Acts 7: 51 — 8

”You stiff-necked people, uncircumcised in heart and ears, you are forever opposing the Holy Spirit, just as your ancestors used to do.Which of the prophets did your ancestors not persecute? They killed those who foretold the coming of the Righteous One, and now you have become his betrayers and murderers. You are the ones that received the law as ordained by angels, and yet you have not kept it.”

When they heard these things, they became enraged and ground their teeth at Stephen. But filled with the Holy Spirit, he gazed into heaven and saw the glory of God and Jesus standing at the right hand of God.“Look,” he said, “I see the heavens opened and the Son of Man standing at the right hand of God!”

But they covered their ears, and with a loud shout all rushed together against him. Then they dragged him out of the city and began to stone him; and the witnesses laid their coats at the feet of a young man named Saul.

New Revised Standard Version, copyright 1989, by the National Council of the Churches of Christ in the United States of America. Used by permission. All rights reserved. USCCB approved.

We Remember Them

Today’s reading from Acts speaks of Stephen, the first martyr of the Church. In his spirit, I’m reminded of two other men who have recently lost their lives amidst the turmoil of political struggle, crises of forgiveness, and lack of understanding.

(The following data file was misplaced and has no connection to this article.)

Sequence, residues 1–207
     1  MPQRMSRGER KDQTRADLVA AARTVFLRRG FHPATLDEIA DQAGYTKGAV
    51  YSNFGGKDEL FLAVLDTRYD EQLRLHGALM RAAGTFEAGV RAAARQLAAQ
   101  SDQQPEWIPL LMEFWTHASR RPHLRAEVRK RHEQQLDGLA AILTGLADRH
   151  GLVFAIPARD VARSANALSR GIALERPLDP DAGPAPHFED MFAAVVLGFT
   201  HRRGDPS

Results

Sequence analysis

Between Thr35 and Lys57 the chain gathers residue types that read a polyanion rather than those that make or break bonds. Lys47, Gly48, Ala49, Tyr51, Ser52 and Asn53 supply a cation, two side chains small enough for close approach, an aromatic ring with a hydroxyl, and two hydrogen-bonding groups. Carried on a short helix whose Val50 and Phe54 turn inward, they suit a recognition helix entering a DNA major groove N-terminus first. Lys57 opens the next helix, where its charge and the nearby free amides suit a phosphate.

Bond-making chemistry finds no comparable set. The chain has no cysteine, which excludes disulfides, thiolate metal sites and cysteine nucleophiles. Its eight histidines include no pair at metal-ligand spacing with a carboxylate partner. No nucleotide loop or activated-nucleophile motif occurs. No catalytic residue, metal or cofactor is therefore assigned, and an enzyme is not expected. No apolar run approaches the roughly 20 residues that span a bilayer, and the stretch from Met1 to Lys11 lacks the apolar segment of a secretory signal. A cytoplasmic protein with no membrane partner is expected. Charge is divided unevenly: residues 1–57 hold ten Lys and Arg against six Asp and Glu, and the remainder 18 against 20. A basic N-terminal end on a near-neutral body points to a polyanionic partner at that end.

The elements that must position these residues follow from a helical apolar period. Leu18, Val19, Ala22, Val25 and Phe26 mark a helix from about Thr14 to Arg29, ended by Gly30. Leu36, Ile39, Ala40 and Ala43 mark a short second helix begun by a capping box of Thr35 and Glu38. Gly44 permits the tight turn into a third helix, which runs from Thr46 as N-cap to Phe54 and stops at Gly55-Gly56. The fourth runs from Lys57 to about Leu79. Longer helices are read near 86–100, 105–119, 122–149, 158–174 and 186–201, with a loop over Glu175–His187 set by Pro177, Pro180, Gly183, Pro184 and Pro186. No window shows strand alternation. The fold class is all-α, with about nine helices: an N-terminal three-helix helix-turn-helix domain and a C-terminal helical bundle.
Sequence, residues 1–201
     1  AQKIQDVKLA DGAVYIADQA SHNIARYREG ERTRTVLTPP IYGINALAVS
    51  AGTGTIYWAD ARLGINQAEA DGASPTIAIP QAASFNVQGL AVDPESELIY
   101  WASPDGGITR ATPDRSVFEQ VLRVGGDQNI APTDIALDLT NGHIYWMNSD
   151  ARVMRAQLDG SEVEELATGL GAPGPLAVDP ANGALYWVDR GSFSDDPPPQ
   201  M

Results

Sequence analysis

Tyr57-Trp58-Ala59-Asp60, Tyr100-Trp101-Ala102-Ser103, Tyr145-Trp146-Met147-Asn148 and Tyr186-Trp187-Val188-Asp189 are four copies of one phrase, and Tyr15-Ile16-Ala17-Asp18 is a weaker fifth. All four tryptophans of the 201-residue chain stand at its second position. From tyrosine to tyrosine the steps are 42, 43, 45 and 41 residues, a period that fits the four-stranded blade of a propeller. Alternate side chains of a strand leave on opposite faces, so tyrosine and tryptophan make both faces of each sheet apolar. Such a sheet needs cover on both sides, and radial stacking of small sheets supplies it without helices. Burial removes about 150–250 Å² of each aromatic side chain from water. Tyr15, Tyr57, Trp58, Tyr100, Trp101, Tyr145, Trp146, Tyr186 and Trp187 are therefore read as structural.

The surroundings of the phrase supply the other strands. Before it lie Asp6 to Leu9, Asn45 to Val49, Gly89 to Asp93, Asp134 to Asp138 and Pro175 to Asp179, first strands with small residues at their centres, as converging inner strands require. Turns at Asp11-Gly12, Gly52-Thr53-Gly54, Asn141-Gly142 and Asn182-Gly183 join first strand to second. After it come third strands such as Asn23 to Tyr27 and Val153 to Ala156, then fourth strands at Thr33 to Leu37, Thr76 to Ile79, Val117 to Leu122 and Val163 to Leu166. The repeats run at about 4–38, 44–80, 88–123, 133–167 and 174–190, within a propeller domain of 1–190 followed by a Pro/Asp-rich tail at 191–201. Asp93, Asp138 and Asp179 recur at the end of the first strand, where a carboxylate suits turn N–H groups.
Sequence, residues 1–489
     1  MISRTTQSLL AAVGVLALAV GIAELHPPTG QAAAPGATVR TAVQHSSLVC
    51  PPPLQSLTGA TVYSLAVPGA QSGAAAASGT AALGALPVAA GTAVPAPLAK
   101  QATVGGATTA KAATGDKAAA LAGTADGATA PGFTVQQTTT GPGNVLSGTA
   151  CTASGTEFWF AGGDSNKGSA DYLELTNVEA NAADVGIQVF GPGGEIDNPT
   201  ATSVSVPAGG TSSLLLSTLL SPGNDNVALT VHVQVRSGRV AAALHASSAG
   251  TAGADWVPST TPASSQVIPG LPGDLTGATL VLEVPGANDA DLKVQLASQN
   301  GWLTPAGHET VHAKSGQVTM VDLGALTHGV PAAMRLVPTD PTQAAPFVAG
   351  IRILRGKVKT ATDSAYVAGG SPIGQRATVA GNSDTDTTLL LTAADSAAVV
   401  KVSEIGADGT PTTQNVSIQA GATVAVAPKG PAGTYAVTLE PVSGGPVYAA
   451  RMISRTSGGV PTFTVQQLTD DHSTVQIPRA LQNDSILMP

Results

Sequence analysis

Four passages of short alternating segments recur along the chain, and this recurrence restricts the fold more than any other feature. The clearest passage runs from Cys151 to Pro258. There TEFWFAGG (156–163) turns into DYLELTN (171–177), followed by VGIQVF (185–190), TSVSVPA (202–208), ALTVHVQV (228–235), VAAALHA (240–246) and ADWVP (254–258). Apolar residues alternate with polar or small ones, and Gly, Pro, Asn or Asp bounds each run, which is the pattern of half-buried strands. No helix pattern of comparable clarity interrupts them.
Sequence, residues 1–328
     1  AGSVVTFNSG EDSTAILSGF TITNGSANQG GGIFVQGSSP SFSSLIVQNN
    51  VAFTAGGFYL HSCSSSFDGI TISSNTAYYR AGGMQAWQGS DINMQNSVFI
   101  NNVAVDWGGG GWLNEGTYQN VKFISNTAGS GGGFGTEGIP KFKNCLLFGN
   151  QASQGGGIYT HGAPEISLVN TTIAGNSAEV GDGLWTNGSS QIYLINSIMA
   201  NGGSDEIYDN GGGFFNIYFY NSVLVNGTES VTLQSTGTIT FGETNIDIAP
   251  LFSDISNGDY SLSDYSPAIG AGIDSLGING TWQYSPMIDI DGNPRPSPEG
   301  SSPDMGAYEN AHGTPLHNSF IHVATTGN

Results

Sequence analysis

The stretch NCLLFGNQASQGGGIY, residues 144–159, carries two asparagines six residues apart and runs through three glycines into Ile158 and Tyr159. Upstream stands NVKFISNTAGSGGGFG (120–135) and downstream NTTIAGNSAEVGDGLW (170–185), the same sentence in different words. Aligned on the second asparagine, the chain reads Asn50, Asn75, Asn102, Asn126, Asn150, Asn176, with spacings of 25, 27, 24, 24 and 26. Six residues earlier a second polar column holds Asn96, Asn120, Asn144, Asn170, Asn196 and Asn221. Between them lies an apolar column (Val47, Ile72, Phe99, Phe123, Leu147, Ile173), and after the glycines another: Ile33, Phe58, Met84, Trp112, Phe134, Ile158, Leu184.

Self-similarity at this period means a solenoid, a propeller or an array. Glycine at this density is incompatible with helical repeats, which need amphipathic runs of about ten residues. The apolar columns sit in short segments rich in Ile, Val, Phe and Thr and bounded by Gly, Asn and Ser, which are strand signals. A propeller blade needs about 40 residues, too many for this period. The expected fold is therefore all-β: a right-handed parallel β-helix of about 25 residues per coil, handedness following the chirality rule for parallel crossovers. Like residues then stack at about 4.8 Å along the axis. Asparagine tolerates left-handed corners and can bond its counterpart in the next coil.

The first, Fr. Frans van der Lugt, S.J., was dragged outside his home in Syria, beaten severely, and shot twice in the head. The second, death row inmate Clayton Lockett, died in agony from a heart attack caused by improperly administered chemicals that were meant to take his life.

Consider these men. What moves us about their deaths? When we look into their eyes from pictures on the Internet, what do we see?

What is worth dying for?  How can the witness of Christ, of the first martyrs of the Church, of Fr. Franz, and even of Clayton Lockett, lead us to consider our mortality, and what our lives represent? What goodness do we seek to bring into the world?

As we carry on, let us live to make sure that those who have gone before us have not died in vain.  They still speak to us. We must remember them.

—Eric Immel, S.J., a Jesuit scholastic of the Wisconsin Province is studying philosophy at Loyola University Chicago.


You are all we have. You give us what we need. Our lives are in your hands, O Lord, our lives are in your hands.

You are near, the God I seek. Nothing can take me from your side. All my days I rest secure; you will show me the path that leads to life.

—Francis Patrick O’Brien, © 1991, GIA Publications, Inc.